Monday, July 20, 2015

Sears Randolph in Webster Groves, Missouri

sears randolph sears willard webster groves missouri
Authenticated Sears Randolph • 1932 • 651 W. Frisco, Webster Groves, Missouri
This is the third of three Sears homes that I ran across in Glendale Park, a little neighborhood in Webster Groves, Missouri, when I turned right on a street I normally turn left on.  I first blogged about the Clifton, and then the Stanford, both on Oakland Avenue, which is the street behind W. Frisco. In fact, those two lots are right behind this one. I have, since then, also found mortgage deeds for each of them, signed in 1932 by Sears trustee E. Harrison Powell, which makes all three of them authenticated Sears homes.

sears willard sears randolph webster groves missouri catalog
Here is The Randolph as shown in my January 1931 catalog. Notice how the side windows match.
The Randolph, which was only offered for a year or two* (Houses By Mail, p. 155), is the brick (veneer) and stucco version of The Willard.  The Willard was offered earlier (1928), and continued on in the Sears catalog until 1938 or possibly 1939. (*According to Lara, of Sears Homes of Chicagoland, the Randolph was actually offered as early as 1929, as shown with a 1929 catalog image in this blog post from June of 2015).

sears catalog image sears house willard
The Willard -- the frame version of The Randolph.  The floor plans and footprint are exactly the same, it's just the outer material that differs.
webster groves sears house randolph model
Showing the right side of the house -- a double window in the second floor bedroom, as expected per the floor plan,
and a nice set of triple windows are hiding behind the bushes on the first floor.
sears catalog randolph floor plan
Second floor-- Double windows in each of the bedrooms
sears house randolph catalog floor plan same as willard
First floor ... there are the triple windows of the living room.
Notice the corner fireplace in the living room.
I took this photo to get the house number, but I really like this beautiful front door.
Who Lived at 651 W. Frisco?
Well, that depends on the year... obviously.  Usually, when we find a mortgage for a Sears house, the folks who are listed on that mortgage can be traced as living there for a good long while after the construction of the house.  If you went to all of the trouble to buy a kit home from Sears, with every bit of lumber and framing and all of the nuts and screws and bolts and light fixtures and doors and shutters and shingles shipped to you in one big shipment, wouldn't you probably be intending to hang around and live there for many years to come? That's what I usually find. If someone buys a Sears house in 1929 or 1930 or 1932, I see them in that same house in the 1940 census. Usually.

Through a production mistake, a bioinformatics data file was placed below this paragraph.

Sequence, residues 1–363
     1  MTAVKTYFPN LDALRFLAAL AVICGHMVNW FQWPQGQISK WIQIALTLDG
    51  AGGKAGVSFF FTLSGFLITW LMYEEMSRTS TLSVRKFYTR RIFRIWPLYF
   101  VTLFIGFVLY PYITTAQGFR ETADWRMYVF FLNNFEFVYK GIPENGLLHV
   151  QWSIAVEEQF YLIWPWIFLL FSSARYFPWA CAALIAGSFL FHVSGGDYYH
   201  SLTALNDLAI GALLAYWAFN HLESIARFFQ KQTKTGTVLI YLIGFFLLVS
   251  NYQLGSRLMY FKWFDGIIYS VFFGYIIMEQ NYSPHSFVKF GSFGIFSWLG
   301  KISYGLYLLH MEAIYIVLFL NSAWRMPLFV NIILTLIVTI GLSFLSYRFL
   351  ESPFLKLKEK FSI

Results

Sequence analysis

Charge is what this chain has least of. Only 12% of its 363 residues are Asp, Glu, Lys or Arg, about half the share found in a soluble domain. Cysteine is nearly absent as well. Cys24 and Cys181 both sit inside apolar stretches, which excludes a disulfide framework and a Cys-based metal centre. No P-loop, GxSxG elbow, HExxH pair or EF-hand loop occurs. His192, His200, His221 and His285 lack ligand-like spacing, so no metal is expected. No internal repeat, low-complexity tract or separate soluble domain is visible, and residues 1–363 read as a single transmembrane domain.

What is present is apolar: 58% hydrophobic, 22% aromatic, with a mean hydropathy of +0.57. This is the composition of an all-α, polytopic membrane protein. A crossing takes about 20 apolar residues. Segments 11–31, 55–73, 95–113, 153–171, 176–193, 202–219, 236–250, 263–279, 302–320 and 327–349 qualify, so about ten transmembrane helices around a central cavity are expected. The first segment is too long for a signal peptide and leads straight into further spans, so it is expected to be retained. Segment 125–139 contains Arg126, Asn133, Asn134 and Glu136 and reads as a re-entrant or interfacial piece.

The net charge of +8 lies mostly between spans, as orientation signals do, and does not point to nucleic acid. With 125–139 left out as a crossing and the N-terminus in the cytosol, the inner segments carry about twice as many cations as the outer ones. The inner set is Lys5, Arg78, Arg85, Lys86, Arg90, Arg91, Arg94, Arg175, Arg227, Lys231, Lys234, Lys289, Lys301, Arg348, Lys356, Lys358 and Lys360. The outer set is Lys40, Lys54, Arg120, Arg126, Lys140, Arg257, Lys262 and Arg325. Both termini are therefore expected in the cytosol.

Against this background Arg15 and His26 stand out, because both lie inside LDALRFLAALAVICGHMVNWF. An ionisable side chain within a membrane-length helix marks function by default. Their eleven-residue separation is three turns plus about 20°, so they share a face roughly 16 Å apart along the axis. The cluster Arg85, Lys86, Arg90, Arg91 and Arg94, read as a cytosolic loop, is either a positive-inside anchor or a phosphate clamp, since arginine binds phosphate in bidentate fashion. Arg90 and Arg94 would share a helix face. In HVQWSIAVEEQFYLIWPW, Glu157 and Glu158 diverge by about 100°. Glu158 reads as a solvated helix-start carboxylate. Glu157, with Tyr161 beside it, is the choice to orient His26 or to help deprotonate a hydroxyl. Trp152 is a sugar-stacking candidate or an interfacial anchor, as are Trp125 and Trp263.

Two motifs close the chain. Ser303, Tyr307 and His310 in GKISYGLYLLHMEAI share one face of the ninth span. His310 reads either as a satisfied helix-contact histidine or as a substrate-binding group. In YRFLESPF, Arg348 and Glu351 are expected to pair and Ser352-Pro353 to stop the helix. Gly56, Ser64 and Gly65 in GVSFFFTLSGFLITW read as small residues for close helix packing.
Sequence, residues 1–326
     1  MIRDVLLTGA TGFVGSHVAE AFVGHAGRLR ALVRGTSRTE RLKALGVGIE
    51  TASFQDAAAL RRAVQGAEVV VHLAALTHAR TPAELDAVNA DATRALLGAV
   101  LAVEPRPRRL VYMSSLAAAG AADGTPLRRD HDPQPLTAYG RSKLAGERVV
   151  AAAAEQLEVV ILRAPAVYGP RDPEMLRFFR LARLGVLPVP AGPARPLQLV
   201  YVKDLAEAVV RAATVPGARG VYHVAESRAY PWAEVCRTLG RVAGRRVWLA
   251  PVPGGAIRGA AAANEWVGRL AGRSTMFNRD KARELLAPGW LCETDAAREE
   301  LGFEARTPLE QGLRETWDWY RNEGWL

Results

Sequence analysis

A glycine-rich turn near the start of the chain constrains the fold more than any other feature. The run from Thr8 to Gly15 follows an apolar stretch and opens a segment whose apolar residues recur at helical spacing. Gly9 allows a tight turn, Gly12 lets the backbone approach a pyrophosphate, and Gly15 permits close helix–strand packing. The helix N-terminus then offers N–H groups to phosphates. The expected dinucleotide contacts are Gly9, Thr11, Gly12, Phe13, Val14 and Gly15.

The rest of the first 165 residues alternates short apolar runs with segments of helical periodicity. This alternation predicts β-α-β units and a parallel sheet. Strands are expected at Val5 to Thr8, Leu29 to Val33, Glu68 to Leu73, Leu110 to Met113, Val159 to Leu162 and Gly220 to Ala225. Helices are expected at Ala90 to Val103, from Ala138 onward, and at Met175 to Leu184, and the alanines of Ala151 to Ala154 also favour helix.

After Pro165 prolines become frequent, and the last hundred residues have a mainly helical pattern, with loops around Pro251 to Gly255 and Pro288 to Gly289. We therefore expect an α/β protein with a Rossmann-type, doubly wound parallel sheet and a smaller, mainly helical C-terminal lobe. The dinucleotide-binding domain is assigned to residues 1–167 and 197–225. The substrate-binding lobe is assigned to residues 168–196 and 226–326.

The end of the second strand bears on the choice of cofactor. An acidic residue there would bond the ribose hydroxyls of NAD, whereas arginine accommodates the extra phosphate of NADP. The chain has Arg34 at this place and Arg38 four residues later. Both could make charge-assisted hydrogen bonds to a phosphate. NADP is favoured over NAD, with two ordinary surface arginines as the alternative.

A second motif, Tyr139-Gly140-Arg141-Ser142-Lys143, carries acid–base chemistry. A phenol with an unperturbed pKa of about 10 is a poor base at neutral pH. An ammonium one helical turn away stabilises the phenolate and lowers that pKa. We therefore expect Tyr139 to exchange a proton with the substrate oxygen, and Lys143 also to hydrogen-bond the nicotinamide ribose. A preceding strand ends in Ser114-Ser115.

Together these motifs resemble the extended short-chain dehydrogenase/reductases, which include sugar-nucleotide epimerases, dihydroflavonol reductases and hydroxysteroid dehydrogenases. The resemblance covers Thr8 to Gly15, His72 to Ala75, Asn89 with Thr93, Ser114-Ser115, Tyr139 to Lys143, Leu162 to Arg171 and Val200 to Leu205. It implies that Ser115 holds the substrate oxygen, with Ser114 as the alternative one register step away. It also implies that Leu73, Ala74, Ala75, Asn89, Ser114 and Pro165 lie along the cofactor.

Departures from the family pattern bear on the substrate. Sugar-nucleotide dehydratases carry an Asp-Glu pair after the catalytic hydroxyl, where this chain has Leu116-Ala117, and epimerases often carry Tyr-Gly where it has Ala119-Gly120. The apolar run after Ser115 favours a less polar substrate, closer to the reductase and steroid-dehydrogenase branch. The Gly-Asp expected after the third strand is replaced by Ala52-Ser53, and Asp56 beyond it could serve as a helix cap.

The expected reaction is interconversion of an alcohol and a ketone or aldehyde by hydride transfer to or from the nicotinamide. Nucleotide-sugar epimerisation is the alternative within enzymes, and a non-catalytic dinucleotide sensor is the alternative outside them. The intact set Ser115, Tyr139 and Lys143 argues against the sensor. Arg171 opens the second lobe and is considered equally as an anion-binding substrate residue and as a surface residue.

But, in this case, this home was built in 1932 by Albert E. Lazier, who first lived in nearby Kirkwood, Missouri, from the time he came to the U.S. from Canada in 1889.  In 1890, he married native Missourian Frances Doerr, and together they had five children.  By 1930, the Lazier family was living at 733 Berry Road, in Oakland, Missouri (a tiny municipality just between Kirkwood and Webster Groves) -- a residence which is no longer standing.  Albert worked as a carpenter.

This map shows you how close S. Berry Rd -- the location of the home of Albert E. Lazier and family -- is to the home Albert had built in 1932.
The two other Sears homes I mentioned earlier, are on Oakland Avenue, just behind 651 W. Frisco.
Adolphus Harris, the later owner of The Randolph,  also lived, previously, at an address on S. Berry Road, near the Laziers.
However, it's hard to say whether or not Albert and Frances ever lived in their new Randolph at 651 W. Frisco, as Frances passed away in November of 1933, and Albert is not listed at this address in the 1940 census -- he is listed as living with his son Leroy, in nearby Kirkwood.  No city directory listing exists showing where Albert lived between 1930 and 1940, either.

Here are Frances (seated) and Albert, with someone named Nina, sometime late in their lives.
(Source: Finch/Chappee family tree on 

But, what does exist, is a 1940 census listing that shows that a young couple -- Adolphus and Idella Harris-- lived in the Randolph in Webster Groves, with their little baby girl, Gloria Jean. Adolphus worked as a painter and decorator, and he and Idella can't have lived in the house for very long at that point -- they were only 21 and 22 at the time of the 1940 census.  Interestingly, Adolphus had grown up right down the street from the Laziers, on S. Berry Road in Oakland, he at 633, and they at 733.  I wonder if Albert -- who was already close to 70 when the Randolph was built-- chose not to stay there for long after Frances passed away, and sold it to Adolphus around the time that he married Idella.  They may well have been families who knew each other, working in similar trades, and living only houses away from each other.  In any case, Albert Lazier ended his days living with his son, and passed away in 1942, at age 78.

The 1940 census showing the young Harris family living at 651 W. Frisco.
More About the Willard and the Randolph
I have been working with a group of dedicated, hard-working researchers to help find, authenticate, and add homes to The National Database of Sears Homes -- a project begun by Lara Solonickne of the blog Sears Homes of Chicagoland, which I mention here often (in fact, here is a post that Lara did in June of 2015, showing another Randolph, and a Willard).   The database is a thorough, well-researched list of Sears homes in the U. S., listing homes by model name (or number) and address, while also noting whether or not the home has been authenticated, how it has been authenticated, and often including a link to images or further information about many of the homes. Thanks to our list, I was able to look for a few more examples of probable and authenticated Randolphs and Willards, and even found a real estate listing for one. I love to see interiors of these homes, so I'll include a number of them as I wrap up this post.

None of the Willards shown here are authenticated, but they are all highly probable as Sears homes. Click on any of the images to enlarge. The Cincinnati Willards below were originally identified by Beatrice Lask, who did a Masters Thesis on Sears Houses in Cincinnati. Thanks to Cindy Catanzaro and Andrew Mutch for that information.  To read a summary of Bea's thesis, click here. To view the entire document, find the link to the right of this post.